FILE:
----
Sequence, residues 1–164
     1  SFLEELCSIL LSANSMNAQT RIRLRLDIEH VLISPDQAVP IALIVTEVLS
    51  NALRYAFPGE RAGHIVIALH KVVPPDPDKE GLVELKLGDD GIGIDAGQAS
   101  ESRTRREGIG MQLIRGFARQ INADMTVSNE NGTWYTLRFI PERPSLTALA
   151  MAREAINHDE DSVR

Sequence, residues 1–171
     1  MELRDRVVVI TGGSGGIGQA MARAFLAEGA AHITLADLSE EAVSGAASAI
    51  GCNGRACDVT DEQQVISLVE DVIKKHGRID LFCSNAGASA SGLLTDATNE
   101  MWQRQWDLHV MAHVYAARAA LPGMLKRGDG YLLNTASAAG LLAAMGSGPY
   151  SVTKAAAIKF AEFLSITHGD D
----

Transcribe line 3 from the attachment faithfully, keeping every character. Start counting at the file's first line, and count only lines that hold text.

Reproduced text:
    51  NALRYAFPGE RAGHIVIALH KVVPPDPDKE GLVELKLGDD GIGIDAGQAS